Bubble Trouble

The Inlander | August 10, 2007
Have you noticed more "For Sale�" signs in your neighborhood? If you have, you're perceptive, because there are more -- a lot more -- than there have been up for years. America has been experiencing a massive real estate boom, and now, as gravity commands, the bust is coming.

Nationally, there are about 4.2 million homes for sale, with another 500,000 brand new homes on the market. According to the National Association of Realtors, that’s a supply of almost nine months; five months is considered normal. And an index of 10 cities shows prices have been dropping for five months -- the worst run in 16 years.

While some places seem to be weathering the storm -- for now at least, prices are up over last year in Seattle and Portland -- others are watching prices fall as listings climb. In Las Vegas, one of the hottest real estate markets in recent years, they have a record number of homes on the market, and their average selling price dropped by $10,000 -- in one month (between June and July).

Despite what real estate types and financial reporters with rose-colored glasses say, the housing bubble is popping. The only question is how much air is going to go out of it.

So how did we get here? The short answer is that America started speculating in housing, just as we did with Internet stocks in the late 1990s and the Dutch did with tulip bulbs in the 17th century. Everyone from the house flipper, to the builder of subdivisions, to the army of mortgage brokers pushing deals, to the hedge funds that bought those mortgages as investments -- people all along the spectrum were speculating.

And it was a very contagious fever. People just looking for a place to call their own were stretching to get in the game before it was too late. And if they couldn’t quite afford it, the financial industry came up with more and more elaborate programs to allow you to hit that magic monthly payment -- adjustable rate mortgages, no down payment, and don't worry about documentation. The credit craze went all the way to the top, as even our leaders put an entire $450 billion war on America's credit card (payment due to the Bank of Communist China).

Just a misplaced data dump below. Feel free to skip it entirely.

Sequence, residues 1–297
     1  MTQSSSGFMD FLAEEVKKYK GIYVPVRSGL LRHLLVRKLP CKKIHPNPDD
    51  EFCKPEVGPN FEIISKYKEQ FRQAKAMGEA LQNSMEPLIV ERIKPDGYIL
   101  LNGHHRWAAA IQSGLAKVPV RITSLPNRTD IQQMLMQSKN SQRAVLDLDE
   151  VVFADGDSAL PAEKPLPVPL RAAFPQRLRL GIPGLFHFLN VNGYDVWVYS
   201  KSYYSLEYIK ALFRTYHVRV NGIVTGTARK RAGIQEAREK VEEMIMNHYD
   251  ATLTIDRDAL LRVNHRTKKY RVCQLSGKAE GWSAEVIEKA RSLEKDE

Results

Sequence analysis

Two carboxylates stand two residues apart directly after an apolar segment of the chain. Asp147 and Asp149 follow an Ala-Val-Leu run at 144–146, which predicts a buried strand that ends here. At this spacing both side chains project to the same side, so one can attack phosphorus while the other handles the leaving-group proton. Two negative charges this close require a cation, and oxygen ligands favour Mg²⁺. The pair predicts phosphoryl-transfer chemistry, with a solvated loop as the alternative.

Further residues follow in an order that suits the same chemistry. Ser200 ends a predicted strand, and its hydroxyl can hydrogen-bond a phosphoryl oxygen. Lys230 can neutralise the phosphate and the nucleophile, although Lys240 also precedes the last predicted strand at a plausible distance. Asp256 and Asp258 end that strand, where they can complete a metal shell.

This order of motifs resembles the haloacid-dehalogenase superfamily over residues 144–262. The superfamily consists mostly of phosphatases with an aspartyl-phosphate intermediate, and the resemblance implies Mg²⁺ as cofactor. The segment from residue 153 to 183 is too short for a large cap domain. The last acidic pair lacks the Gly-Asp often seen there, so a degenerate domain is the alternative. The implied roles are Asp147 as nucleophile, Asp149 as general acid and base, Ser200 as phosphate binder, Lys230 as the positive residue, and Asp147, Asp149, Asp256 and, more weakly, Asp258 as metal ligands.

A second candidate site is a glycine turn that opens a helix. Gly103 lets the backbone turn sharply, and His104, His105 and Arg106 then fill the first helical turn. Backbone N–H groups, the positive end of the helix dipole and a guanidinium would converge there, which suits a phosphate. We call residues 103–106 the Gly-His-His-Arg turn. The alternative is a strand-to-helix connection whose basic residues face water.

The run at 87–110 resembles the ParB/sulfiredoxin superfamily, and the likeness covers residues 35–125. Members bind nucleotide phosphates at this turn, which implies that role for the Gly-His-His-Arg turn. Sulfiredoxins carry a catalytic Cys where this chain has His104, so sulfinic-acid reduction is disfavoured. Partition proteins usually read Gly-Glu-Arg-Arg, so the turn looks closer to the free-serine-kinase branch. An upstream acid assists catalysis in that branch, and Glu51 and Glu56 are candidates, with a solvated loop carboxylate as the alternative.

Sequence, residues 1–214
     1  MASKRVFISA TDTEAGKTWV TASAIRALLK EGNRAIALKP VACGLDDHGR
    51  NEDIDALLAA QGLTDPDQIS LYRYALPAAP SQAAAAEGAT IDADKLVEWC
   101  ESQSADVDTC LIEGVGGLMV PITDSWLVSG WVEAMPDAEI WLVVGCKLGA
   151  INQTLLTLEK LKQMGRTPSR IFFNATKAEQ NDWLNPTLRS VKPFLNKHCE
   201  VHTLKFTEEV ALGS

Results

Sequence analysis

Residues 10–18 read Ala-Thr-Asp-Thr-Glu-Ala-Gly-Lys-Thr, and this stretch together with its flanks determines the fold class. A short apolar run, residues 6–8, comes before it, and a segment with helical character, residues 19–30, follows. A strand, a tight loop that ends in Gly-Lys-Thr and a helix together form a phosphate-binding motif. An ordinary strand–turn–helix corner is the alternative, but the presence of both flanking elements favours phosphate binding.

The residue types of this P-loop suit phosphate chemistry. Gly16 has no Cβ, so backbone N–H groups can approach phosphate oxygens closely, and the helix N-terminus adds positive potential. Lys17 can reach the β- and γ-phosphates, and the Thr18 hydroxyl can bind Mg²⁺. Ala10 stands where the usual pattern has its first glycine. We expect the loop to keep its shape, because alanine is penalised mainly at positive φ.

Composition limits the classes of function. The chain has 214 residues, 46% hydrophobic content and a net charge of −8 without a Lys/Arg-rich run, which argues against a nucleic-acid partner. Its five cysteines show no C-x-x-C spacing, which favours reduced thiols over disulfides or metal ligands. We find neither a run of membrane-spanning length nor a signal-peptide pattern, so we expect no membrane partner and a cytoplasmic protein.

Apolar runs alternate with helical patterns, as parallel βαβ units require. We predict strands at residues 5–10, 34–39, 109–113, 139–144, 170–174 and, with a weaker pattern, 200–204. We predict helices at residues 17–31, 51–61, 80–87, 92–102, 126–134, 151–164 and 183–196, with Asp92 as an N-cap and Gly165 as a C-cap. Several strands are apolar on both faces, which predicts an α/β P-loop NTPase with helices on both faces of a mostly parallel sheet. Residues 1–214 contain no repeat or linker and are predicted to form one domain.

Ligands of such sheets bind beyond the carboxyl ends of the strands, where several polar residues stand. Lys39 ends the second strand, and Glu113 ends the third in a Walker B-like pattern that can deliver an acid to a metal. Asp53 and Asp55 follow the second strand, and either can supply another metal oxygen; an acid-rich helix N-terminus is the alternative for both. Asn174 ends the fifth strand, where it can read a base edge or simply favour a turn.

As long as housing prices kept going up, the whole arrangement worked fine. It's hard to default if your house is worth more than you bought it for -- you just keep refinancing or sell. But now, with prices leveling off (and dropping in many places), the music has stopped and a lot of people can't find a chair -- again, everybody from average homeowners to multinational banks. Of course the big money people want an S&L-style federal bailout -- and one may already be underway, as the Fed has started pumping money into the mortgage market. But should we bail out what was essentially an imaginary business model? If you hand out credit to anybody with a pulse, isn't widespread default a given? Shouldn't we let the market pass its harsh judgment?

Many pundits see it getting a lot worse. Americans made tons of money on their homes in recent years, which helped fuel consumer spending. And in this economy, in which we keep sending millions of jobs overseas and continue to watch the value of the dollar drop, consumer spending is how we make it all work. Now banks and others are tightening up their lending rules, and adding more fees to loans, so instead of having too much credit, now we may not have enough. And this "credit crunch" is spreading a panic to financial markets all over the world.

If consumer spending slows due to lack of access to money or a drop in confidence, the economy could easily contend with the war in Iraq as the top issue in next year's presidential election. And I would like to hear what the candidates have to say about these money messes we seem to get pushed into every generation or so.

Until then, I'll have to rely on the wisdom of the Founding Fathers, most of whom were skeptical of overly complex finance. As Thomas Jefferson put it, "If the American people ever allow private banks to control the issue of our currency, first by inflation, then by deflation, the banks and the corporations that will grow up will deprive the people of all property until their children wake up homeless on the continent their fathers conquered."

Chilling words, and eerily prescient, as more Americans will be waking up homeless in the coming years. Moody's now estimates that 2.5 million American homeowners will default on their loans by the end of 2008. Some market watchers say it could be more like 7 million. And most of those people who default will lose their homes as a result.

And that's what's different about this bust: Nobody needed to own stock in a company that had a sock puppet for a spokesman, but a lot of people need to own a home. Too much speculation means a lot of American homeowners are stuck way out on a limb, wondering if they'll get to keep their homes. As for those market wizards who led us all into this get-rich-quick scheme, don't worry -- they'll be fine. Any time now, Uncle Sam should ride in to their rescue.

The Inlander

Founded in 1993, The Inlander has quickly become the most trusted source of news and entertainment information for the sprawling Inland Northwest. While the majority of our readership lives in the Spokane/Coeur d’Alene area -- a fast-growing part of the...
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